Monday, October 11, 2010

Book Nook - Coraline

I read Coraline by Neil Gaiman earlier this Spring, but this would actually be a much better time of the year to read it.  It's creepy & spooky & just the thing for a chilly October evening (well, it's in the 80's here today, so I'm not sure about "chilly" but you get the point).

To give you a brief summary, Coraline is a young girl who has just moved into a new flat with her parents, who are always busy working (from home) or making complicated recipes.  To busy herself, she explores her new surroundings & meets her new neighbors (who are all a little quirky).  She finds a door in the flat that has a brick wall behind it, but finds it fascinating enough to go back and check again - and when she does, this time the brick wall is gone and a tunnel is in its place!

On the other side of the tunnel is a sort of bizzaro-world.  Everything sort of looks the same, but it's even better (at first, that is).  There is an "Other Mother" & an "Other Father" who seem loving and want to please Coraline.  They have these weird button eyes, but that's no biggy - they don't make Coraline eat strange food from complex recipes!

Coraline leaves the "other" reality, back through the tunnel.  But she eventually goes back.  When she does, it becomes clear that the Other Mother runs the show in this world, and she wants Coraline all to herself, for good.  She'll even give Coraline her very own pair of button eyes!

Coraline is a smart girl & she refuses.  When she heads back home, however, things are askew.  Her parents do not come home after a shopping excursion!  After some time, she figures out that the Other Mother is not playing nice anymore and goes back through the tunnel to get them back.  This is where things get especially creepy & Coraline must be brave & smart if she wants her old life - and old parents - back.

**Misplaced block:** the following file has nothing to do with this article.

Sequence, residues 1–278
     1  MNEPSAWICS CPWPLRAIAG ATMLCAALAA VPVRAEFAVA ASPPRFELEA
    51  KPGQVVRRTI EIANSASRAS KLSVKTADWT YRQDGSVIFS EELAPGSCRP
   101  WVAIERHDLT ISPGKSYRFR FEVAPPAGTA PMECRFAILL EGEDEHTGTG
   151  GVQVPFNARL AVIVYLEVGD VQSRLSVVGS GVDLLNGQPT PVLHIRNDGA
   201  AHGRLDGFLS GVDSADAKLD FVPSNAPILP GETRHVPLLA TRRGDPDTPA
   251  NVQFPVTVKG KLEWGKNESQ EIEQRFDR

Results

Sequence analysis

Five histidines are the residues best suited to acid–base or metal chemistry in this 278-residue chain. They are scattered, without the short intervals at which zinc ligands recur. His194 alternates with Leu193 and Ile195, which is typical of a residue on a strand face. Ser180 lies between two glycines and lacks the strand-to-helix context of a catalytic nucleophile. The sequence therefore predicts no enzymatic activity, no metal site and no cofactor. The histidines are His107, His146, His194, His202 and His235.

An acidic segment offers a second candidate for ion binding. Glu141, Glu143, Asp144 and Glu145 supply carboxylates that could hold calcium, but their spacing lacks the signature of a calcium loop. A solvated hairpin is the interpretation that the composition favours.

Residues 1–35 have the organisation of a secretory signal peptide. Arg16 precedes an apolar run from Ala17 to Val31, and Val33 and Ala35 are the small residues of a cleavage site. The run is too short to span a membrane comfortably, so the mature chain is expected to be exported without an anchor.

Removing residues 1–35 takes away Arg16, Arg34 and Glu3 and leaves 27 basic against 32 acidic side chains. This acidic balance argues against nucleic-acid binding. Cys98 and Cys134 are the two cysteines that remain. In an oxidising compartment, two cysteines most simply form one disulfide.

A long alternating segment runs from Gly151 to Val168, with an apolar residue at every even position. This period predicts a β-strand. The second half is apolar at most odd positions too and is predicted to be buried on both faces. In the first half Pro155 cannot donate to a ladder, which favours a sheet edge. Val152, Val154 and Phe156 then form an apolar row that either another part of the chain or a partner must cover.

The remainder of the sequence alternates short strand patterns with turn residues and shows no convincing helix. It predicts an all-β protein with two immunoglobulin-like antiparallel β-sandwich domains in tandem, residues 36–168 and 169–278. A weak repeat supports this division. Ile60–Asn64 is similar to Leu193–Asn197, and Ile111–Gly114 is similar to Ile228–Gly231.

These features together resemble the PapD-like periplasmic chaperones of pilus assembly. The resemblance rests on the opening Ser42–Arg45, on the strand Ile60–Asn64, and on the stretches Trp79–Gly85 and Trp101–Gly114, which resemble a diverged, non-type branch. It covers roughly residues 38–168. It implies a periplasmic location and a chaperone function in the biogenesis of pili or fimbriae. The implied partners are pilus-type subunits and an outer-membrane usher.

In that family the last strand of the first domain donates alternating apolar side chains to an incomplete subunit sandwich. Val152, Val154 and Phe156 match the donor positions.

There are 2 things that will stay with you for a long time if you read this book:  the imagery, and the creepies!  I still can picture in my mind's eye the tunnel, the perfect sitting room with the snowglobe on the mantle, the Other Father in the basement (that one gets filed under both imagery & creepies).  The author does an excellent job of creating lavish images that tend to reverberate.

Then there's the creep factor, another skill the author puts to good use in this book.  There's the aforementioned Other Father in the basement scene (seriously, that was the creepiest/scariest scene), being alone in the house when one suspects evil things have happened to one's parents, a multitude of rats....and of course, the Other Mother's hand!!!!  I won't go into too much detail, but there are many scary & creepy things happening here.  But, you've got to hand it to Coraline....she keeps her wits about her & tackles her problem with courage & intelligence (and some help from the talking cat).

I know this book is marketed to children, but I would think twice before reading it to young children or even letting tweens read it.  I think it's more of a PG-13 (and up) kind of read, but it all depends on the individual.  I also have not seen the movie, but have it on reserve at the library!

On a final note, Neil Gaiman is a wonderful performer on the book on CD, so if you enjoy audio books, definitely listen to it vs. reading the hardcover.  So there's yet another attribute Mr. Gaiman posses - painting a lively image, giving us the creeps, and reading us a really great story!


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